2005 Keenan Spring Mountain District Cabernet Sauvignon

SKU #1048838 92 points Wine Enthusiast

 At the age of nearly four years, this mountain Cab remains vigorous in tannins, suggesting 4–6 additional years of aging. If you drink it now, decant. It’s a very good wine, rich in blackberries, black currants, herbs and cedar, with a very long, distinguished finish.  (8/2009)

90 points Robert Parker's Wine Advocate

 Primarily from estate vineyards, the 2005 Cabernet Sauvignon exhibits notes of ripe raspberries, blueberries, and kirsch interwoven with spicy oak, subtle wood, and earthy undertones. With silky tannin and decent acidity, this medium-bodied, elegant Cabernet should drink nicely for 10-15 years.  (12/2007)

K&L Notes

The 2005 Keenan Spring Mountain District Cabernet Sauvignon has taken a huge step forward in that, for the first time, enough of the fruit (86% to be precise) is from the mountain and is designated as such. The rest of this 100% Cabernet Sauvignon is from the Pope Valley, an up-and-coming area in its own right. Full of Bing cherry, cinnamon stick and pipe smoke, this has a nose packed full of goodness. Currants, both black and red, are on full display here alongside the highlights of pine and spearmint. Texturally the wine has a creaminess that never is overbearing or clumsy. Grippy but fine tannins hold this all together and will continue to do so for the next 10-12 years. (Bryan Brick, K&L)

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Price: $49.99
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Staff Image By: Steve Bearden | K&L Staff Member | Review Date: 12/1/2009 | Send Email
When I'm drinking Cabernet if it's not Bordeaux it's usually from the Spring Mountain District of Napa. Keenan is a super-high quality producer making beautifully structured wines that have tons of up front fruit and a wonderful sense of balance. This has sweet dark fruit, a creamy, polished texture and super-fine, ripe tannins supporting the long finish. This wine can hold its own against classified growth Bordeaux that cost twice as much. A rare bargain from an area known for expensive wines.

Staff Image By: Chiara Shannon | K&L Staff Member | Review Date: 7/22/2009 | Send Email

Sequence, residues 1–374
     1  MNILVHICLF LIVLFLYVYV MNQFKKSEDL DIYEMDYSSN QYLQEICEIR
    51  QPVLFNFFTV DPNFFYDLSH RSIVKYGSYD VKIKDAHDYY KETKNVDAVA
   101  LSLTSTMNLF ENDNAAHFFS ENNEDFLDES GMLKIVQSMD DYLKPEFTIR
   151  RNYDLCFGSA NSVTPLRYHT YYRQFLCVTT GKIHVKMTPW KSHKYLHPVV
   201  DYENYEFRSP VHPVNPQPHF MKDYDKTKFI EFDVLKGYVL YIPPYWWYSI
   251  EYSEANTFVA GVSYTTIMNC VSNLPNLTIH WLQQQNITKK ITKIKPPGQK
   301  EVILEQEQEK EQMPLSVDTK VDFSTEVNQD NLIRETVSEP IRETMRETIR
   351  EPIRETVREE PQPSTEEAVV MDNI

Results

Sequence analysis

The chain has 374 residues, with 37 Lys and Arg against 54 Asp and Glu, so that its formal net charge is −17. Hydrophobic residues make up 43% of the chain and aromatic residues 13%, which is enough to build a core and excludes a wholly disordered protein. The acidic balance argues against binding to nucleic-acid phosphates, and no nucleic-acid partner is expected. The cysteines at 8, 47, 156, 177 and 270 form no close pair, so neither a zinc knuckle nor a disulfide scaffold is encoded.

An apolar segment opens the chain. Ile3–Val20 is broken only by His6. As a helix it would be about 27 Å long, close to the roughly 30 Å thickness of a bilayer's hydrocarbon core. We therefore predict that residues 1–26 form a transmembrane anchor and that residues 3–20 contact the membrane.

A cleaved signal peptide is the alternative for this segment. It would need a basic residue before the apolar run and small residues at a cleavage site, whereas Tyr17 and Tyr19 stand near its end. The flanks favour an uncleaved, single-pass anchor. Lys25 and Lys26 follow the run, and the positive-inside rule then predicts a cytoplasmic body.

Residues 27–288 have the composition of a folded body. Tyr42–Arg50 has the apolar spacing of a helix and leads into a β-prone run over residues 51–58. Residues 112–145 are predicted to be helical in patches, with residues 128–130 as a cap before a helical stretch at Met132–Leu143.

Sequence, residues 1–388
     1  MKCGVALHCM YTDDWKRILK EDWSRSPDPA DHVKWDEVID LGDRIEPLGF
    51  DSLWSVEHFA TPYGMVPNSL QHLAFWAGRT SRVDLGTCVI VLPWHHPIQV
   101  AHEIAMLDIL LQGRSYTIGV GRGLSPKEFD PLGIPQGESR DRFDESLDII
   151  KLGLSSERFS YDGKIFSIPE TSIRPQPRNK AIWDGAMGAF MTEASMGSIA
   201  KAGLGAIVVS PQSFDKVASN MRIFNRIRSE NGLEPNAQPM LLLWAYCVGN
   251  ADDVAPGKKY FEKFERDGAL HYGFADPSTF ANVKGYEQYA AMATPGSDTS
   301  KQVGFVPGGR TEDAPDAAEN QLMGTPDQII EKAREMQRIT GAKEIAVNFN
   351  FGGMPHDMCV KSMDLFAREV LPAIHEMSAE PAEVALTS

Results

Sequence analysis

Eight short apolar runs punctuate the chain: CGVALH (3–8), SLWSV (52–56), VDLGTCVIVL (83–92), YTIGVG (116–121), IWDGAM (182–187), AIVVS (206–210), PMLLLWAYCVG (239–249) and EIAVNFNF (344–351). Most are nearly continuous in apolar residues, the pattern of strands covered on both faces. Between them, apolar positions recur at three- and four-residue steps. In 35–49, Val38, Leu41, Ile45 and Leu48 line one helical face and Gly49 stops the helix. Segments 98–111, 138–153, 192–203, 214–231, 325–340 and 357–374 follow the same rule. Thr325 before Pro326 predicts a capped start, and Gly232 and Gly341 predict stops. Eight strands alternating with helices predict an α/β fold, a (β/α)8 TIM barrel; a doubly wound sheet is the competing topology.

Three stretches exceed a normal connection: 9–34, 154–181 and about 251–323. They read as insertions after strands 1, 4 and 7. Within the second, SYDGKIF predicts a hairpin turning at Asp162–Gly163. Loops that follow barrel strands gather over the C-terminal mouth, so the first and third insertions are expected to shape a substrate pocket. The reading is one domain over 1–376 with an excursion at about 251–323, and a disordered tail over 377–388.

Complex and concentrated, with dark fruit, earth and a mineral edge, the 2005 is a gorgeous Cabernet. Varietally correct, with the oak well-balanced, there are few comparisons coming out of Napa for this price.

Additional Information:


Cabernet Sauvignon and Blends

- Cabernet Sauvignon has come a long way from its role as a blending varietal, however dominant, in the wines of Bordeaux. Today it is the most planted red varietal in the world. Identified as a descendent of Cabernet Franc and Sauvignon Blanc, the late-ripening Cabernet Sauvignon needs to be planted in warmer climates to fully ripen. Its small berries can easily be identified for their distinctive blue color, thick skins and high tannins. And while the varietal has its own definitive characteristics: green pepper-like aromas and black currant flavors among them, it is perhaps most prized for its ability to convey terroir, vintage and winemaking. A relatively new varietal, Cabernet Sauvignon started making inroads into the wines of the Médoc and Graves in the late-18th century. Today it is also dominant in the up-and-coming Entre-Deux-Mers region of Bordeaux and can also be found in Southwest France. It is the companion varietal to Sangiovese in Italy's Super Tuscans and is planted all over Europe, stretching to lesser-known winegrowing regions like Russia and Lebanon. In the Americas Cabernet Sauvignon has found champions in every nook and cranny of California and among winemakers in Washington, where it complements plantings of Merlot. In South America, Cab thrives in Chile, but can also be found in smaller amounts in Argentina and even in Mexico.

United States

- When people consider domestic wine, they normally think about the state of California. The fine viticultural Region within California, including the Napa Valley, Sonoma, Santa Cruz Mountains, Mendocino and Santa Barbara, are capable of growing grapes of world-class quality. But there's plenty of fabulous wine coming from other states, too. Oregon, Washington and New York are also causing eyebrows (and glassware) to be raised around the world. Click for a list of bestselling items from the United States.


- With the explosive growth that California's wine industry has seen the past several years, it's easy to view winemaking and grape growing in the Golden State as a recent phenomenon. And while it's true that California's viticultural history is brief compared to several European countries, this state's roots date back well over 200 years. Due to the enormous response to California wine within the United States and worldwide, there are thousands of excellent and diverse wines being produced within the state each year. For our entire selection of California wines, please visit this link.
Specific Appellation:

Napa Valley

- America's most famous wine region, which encompasses a varied geographical territory running about 20 miles long from the San Francisco Bay northward to the foot of Mount St. Helena. Napa's great diversity, both in terms of climate and terroir, has led to the creation of a number of smaller AVAs like Stags Leap District, Rutherford, Howell Mountain, Oakville and Mount Veeder, among others. Cabernet and chardonnay still reign supreme, but just about everything under the sun is grown in Napa Valley, in quality levels ranging from $2 jug wine to $500 a bottle California cab.